If you are curious to know when and how to go about getting a cancer screening test, do not hesitate to reach out to us here at International Cancer Specialists. As one of the leading cancer treatment centres in Singapore, our team of specialists is always available to lend you a helping hand, whether in getting cancer screening tests or treating many types of cancer, such as breast, prostate, lung, and colon cancer.
McCluskey, K. (2016, June 2). Immunotherapy vs. Chemotherapy: What’s the difference? Cancer Research Institute. Retrieved December 14, 2021, from https://www.cancerresearch.org/en-us/blog/june-2016/difference-cancer-immunotherapy-and-chemotherapy.
Grier, M. A. (2021, February 9). Fast facts for the frontline: Immunotherapy. Oncology Nursing News. Retrieved December 14, 2021, from https://www.oncnursingnews.com/view/immunotherapy.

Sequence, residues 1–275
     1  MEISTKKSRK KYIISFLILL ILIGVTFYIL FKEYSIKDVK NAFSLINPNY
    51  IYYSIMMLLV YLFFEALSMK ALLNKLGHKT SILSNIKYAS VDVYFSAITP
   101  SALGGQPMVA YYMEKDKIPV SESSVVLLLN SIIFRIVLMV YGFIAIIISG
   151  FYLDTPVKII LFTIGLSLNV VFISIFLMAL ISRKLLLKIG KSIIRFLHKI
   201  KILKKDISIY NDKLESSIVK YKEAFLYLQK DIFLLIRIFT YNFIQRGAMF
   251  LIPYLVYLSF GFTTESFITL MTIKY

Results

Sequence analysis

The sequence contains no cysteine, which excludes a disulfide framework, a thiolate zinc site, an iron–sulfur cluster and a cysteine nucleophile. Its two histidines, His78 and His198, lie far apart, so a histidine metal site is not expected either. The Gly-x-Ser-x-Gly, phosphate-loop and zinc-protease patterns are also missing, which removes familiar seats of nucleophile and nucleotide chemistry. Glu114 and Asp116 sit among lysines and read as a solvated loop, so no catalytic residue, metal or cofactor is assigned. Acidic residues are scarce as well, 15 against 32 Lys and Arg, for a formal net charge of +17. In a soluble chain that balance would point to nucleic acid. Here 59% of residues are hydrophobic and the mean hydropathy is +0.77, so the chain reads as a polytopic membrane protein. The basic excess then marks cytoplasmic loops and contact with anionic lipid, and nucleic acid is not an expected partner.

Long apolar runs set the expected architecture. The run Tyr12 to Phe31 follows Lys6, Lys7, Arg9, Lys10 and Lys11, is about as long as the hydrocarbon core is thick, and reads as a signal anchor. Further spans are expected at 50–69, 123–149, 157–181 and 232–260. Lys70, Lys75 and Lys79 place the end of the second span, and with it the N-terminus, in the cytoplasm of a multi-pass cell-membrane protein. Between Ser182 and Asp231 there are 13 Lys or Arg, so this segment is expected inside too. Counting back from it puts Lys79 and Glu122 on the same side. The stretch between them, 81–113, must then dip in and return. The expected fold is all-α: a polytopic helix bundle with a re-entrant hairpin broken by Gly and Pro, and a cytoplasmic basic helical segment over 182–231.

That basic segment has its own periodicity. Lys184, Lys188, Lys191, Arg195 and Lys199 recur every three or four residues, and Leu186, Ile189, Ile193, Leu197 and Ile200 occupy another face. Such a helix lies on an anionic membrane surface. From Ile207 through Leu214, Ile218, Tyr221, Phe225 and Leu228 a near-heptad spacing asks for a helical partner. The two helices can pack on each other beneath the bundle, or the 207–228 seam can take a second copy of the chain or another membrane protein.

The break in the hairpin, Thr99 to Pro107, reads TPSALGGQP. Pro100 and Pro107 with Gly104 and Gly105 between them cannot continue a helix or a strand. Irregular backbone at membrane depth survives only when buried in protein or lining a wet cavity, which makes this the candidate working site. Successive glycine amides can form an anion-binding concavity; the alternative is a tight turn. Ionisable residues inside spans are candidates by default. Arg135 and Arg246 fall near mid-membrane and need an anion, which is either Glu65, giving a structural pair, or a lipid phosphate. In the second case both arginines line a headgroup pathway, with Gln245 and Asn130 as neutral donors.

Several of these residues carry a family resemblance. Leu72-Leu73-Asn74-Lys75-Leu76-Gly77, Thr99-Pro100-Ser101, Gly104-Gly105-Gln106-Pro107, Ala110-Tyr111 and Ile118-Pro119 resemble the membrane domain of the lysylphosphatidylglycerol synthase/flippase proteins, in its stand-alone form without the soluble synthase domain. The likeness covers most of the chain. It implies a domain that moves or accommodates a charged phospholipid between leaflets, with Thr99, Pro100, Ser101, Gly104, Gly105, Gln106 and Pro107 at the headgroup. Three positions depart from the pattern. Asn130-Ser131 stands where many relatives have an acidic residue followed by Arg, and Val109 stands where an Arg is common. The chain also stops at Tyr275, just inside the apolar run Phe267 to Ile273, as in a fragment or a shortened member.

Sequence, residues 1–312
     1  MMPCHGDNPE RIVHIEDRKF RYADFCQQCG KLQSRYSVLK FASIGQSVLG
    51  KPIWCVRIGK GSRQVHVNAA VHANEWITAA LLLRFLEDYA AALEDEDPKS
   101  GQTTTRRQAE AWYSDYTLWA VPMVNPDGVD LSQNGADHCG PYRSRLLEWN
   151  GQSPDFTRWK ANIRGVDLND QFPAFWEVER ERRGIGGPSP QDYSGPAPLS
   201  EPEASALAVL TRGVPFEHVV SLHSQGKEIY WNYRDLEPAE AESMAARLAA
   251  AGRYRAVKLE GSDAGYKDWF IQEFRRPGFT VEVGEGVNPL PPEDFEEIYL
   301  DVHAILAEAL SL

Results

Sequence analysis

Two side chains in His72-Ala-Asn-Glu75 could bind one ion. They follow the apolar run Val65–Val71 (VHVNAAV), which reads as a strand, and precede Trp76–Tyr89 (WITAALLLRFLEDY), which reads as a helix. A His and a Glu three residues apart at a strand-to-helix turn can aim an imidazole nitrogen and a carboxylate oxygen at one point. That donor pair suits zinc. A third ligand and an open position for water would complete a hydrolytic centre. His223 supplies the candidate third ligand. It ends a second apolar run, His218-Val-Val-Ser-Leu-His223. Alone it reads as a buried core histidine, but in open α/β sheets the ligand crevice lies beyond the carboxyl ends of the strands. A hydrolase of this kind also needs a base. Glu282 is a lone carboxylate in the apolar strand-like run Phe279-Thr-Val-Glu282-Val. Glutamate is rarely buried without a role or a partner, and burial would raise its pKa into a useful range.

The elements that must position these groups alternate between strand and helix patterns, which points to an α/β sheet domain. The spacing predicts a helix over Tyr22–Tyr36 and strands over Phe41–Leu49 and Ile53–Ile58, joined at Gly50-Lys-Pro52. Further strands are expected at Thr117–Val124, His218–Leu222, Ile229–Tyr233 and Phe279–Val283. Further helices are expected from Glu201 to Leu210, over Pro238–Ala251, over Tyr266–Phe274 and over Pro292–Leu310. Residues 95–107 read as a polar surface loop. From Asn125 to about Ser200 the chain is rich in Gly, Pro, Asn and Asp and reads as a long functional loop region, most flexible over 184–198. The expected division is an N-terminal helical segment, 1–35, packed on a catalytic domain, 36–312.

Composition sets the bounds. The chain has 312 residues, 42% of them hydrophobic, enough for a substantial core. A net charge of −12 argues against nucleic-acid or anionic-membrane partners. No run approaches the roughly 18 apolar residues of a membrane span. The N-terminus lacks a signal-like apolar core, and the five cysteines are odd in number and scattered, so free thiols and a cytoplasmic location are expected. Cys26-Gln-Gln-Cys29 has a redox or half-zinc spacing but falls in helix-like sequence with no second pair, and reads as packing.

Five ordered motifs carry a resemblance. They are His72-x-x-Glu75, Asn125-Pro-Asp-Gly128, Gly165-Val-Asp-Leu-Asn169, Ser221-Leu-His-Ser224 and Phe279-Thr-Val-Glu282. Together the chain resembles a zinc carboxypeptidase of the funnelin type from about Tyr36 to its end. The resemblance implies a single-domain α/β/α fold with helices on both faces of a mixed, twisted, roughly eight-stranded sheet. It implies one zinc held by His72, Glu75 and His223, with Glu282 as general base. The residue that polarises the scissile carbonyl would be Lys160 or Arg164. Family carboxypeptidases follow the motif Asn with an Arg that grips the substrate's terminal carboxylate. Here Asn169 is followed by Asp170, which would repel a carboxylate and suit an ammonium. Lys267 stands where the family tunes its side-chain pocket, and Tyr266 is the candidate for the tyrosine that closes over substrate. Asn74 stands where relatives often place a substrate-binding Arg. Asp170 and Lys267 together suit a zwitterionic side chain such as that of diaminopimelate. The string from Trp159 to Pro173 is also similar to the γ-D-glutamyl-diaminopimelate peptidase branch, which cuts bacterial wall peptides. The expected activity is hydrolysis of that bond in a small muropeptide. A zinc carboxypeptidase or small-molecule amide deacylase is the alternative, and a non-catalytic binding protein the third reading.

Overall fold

Cooling caps (scalp hypothermia) to reduce hair loss. American Cancer Society. (n.d.). Retrieved January 10, 2022, from https://www.cancer.org/treatment/treatments-and-side-effects/physical-side-effects/hair-loss/cold-caps.html.
Nangia, J., Wang, T., Osborne, C., Niravath, P., Otte, K., Papish, S., Holmes, F., Abraham, J., Lacouture, M., Courtright, J., Paxman, R., Rude, M., Hilsenbeck, S., Osborne, C. K., & Rimawi, M. (2017). Effect of a scalp cooling device on alopecia in women undergoing chemotherapy for breast cancer. JAMA, 317(6), 596. https://doi.org/10.1001/jama.2016.20939